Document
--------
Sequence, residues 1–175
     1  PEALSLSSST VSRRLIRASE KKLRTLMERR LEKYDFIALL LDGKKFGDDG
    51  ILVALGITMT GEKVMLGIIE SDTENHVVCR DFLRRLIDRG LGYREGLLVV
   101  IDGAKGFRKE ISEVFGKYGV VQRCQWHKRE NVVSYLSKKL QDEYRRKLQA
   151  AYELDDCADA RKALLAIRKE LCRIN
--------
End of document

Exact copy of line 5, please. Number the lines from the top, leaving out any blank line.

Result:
   151  AYELDDCADA RKALLAIRKE LCRIN